I used a brush to apply polyurethane on some trim work. I tried cleaning it thoroughly with paint thinner after but still got poor results--the brush bristles would stick together and the brush was unusable. I also heard mineral spirits and acetone may work. Should I try something else or are brushes pretty much done after a single use?

  • dynasolve or xylene are the cleaners i use for cleaning my tools
    – user61623
    Commented Oct 21, 2016 at 10:59

9 Answers 9


I have had trouble cleaning them with everything and had the same problem, until I found a jar large enough to put the brush in filled to the bristle level with thinner keeping it tightly sealed. (I do clean them prior to putting in the jar). When I need them take out shake dry and they work like new brushes for months without being used or when I have a project that gets a new coat every day for a week. (I find the higher quality brushes provide the best coverage so I hate to toss them with just 1 use)

  • If you don't need it soon, how long do you keep it in ?
    – amphibient
    Commented Dec 4, 2015 at 1:21
  • 1
    I have had them in the jar for over 6 months. The thinner has not affected them that I can tell. My wide brush is ~3 years old the narrow ones maybe 2 years old.(I only take them out to use them now)
    – Ed Beal
    Commented Dec 4, 2015 at 14:12
  • that worked really, really well, thanks. I just kept three brushes in a can overnight, much better.
    – amphibient
    Commented Dec 5, 2015 at 0:10
  • You said "(I do clean them prior to putting in the jar)". What does that mean? How do you clean them prior to storage? Commented Jul 8, 2017 at 22:28
  • By cleaning before I usually squeeze the majority of the paint or other poly solids out of the brush then 1 rince to remove the majority of the solids th3n put the brush in bristles deep thinner and seal it. With poly that I may be continuing work within a week I may not clear as much but keep the bristles in thinner. Shake the excess thinner out and the brush is ready for another coat.
    – Ed Beal
    Commented Jul 9, 2017 at 20:32

I make picture frames and I like polyurethane because it is a very hard, durable finish. I always use foam brushes. To clean I merely soak in paint thinner a short time shake it out and dry with a paper towel. You can do this over and over if you want. But at around twenty five cent for a brush you could just toss them. And they leave a nice even coat as well.

  • Hello, and welcome to Home Improvement. Thanks for the answer; keep 'em coming. And, you should probably take our tour so you'll know how best to contribute here. Commented Jun 26, 2019 at 13:21

since there are water based polyurethanes that you can clean up with water, you can use those. however, start with a good quality brush. if you want to use an alkyd, clean (thoroughly - not just a dunk) with paint thinner (takes the paint into solution and flushes it away), then with acetone (takes the thinner into solution and flushes it away), then with water (takes the acetone into solution and flushes it away as well as acting as a solvent for the soap). then rub the bristles in hand bar soap (i like ivory hand soap for this). the brush will stay nice and soft and supple. when you want to use it again, just quickly dunk it in whatever solvent is the solvent in whatever paint you want to use. you can keep a quality brush going for years with this approach.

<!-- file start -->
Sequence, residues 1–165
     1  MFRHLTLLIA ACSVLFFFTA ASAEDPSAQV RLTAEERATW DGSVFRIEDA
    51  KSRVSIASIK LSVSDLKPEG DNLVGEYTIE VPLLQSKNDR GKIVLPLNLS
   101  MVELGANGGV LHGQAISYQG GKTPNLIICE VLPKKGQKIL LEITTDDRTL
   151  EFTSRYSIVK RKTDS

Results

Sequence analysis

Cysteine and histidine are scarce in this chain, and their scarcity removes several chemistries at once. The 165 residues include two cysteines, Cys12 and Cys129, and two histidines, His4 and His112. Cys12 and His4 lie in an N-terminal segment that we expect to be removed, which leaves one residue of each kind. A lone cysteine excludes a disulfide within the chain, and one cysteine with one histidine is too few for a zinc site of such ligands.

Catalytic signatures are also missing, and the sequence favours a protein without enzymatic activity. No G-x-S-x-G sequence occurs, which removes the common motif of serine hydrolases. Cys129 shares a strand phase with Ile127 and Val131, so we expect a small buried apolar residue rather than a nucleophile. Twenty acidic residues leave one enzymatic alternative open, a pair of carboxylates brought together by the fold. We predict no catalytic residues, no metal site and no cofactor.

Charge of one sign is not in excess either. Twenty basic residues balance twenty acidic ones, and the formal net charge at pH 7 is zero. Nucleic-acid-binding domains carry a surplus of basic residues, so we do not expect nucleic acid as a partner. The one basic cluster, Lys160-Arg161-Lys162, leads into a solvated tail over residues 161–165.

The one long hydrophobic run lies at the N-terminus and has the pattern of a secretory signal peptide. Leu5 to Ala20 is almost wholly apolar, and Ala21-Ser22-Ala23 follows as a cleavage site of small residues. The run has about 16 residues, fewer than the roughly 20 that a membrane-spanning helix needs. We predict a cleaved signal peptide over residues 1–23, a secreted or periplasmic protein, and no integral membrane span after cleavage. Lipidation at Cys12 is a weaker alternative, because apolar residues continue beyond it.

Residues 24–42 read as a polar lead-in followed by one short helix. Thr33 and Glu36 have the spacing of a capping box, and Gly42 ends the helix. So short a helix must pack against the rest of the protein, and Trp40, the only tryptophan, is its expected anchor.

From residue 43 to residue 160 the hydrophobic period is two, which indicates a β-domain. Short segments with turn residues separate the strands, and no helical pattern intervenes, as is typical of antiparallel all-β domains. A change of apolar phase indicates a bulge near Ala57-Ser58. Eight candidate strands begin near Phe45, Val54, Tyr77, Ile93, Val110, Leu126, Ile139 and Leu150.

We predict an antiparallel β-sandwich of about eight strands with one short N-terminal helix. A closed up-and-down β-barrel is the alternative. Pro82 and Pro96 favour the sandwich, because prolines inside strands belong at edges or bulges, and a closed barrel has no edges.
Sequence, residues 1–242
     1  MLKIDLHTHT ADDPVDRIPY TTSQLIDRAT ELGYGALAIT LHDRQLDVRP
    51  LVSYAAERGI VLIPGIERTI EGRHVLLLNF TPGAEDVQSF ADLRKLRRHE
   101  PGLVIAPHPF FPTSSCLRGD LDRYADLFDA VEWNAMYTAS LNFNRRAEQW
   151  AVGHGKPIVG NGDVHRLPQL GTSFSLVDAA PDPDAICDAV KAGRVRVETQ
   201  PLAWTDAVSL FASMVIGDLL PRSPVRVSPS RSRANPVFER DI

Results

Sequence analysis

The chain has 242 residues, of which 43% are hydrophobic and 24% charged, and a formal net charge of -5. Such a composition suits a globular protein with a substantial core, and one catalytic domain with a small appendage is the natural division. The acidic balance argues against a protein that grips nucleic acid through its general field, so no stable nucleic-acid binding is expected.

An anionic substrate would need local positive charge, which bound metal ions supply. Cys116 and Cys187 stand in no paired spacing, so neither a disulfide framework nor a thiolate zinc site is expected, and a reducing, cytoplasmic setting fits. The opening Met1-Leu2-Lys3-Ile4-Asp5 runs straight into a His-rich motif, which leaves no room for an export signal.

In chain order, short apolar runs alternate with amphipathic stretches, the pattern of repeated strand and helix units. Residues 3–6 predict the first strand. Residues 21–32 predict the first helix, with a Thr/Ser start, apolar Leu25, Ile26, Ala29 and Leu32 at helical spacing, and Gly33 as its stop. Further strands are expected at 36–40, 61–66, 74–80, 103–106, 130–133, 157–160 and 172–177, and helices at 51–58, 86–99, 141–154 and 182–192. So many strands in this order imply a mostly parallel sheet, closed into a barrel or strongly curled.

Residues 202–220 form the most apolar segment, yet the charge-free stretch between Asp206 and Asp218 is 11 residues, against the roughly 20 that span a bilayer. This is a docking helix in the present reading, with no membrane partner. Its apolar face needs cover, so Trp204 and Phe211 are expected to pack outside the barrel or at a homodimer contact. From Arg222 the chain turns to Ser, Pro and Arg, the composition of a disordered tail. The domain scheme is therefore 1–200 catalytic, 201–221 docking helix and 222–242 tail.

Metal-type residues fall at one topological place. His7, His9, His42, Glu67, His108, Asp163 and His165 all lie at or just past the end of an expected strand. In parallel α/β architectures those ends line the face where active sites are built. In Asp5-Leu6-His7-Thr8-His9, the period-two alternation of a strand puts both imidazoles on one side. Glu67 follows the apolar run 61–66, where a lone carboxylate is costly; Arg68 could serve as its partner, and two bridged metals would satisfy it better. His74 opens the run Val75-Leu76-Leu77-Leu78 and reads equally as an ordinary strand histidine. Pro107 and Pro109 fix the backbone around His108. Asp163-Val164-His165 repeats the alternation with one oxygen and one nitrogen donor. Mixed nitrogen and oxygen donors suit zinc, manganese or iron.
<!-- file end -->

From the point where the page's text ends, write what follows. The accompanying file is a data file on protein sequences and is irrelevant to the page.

I've done all of the above - But I read that putting a little clothes softener in with the paint thinner also keeps the bristles very soft ! I have tried this and it does work !


$14 Purdy or Wooster brushes are trash after applying poly. Use cheaper disposable foam applicators.


Maybe not politically correct but I found a quick dunk & swoosh in gasoline works better then any paint thinner or solvent. After dunking, I squeeze out what I can by hand & then apply liquid dish soap (like dawn) & work into the bristles to remove the gas. Rinse in hot water & allow to dry. I find that placing a rubber band on it helps to keep shape.

  • What does that have to do with political correctness?
    – amphibient
    Commented Mar 27, 2021 at 16:49
  • @amphibient gasoline isn't a good choice for a solvent due to the hazards involved (the flashpoint is awful low, for one) Commented Mar 27, 2021 at 17:04
  • If you're going to do this, do this OUTSIDE and AWAY from potential ignition sources. Gasoline's flashpoint is well into the negatives, and the vapors are "have passport, will travel to ignition source below you!" Commented Mar 27, 2021 at 17:05

I used paint stripper followed by soap and water and it worked well. A bristle comb helps (for paint brushes).


Anyone try putting the brush in the freezer after you rinse with paint thinner? My grandpa use to tell me this worked.


After applying polyurethane finish I use paint thinner to clean my brushes and have never ruined one. I put about 3/4" of thinner in an old medium sized pot I requisitioned from the kitchen and fan the brush back and forth on the bottom. If you're using something like Minwax Polyshades the thinner will become cloudy from the stain in the poly (if using clear finish clean your brush for a couple minutes each stage of cleaning). Shake the thinner out of the brush and repeat with fresh thinner. Put the cloudy thinner in a jar to settle the solids out for future use as a first rinse. After cleaning your brush the second time shake the brush out again. The thinner will still be slightly cloudy so put it in another jar. Now rinse the brush one more time in clean thinner, shake it out and put it back in the brush cover. It may feel slightly stiff when you get it out the next time but just fan it out and it will work and feel as good as new. Been using this technique for many years and still using brushes some might consider to be antique.

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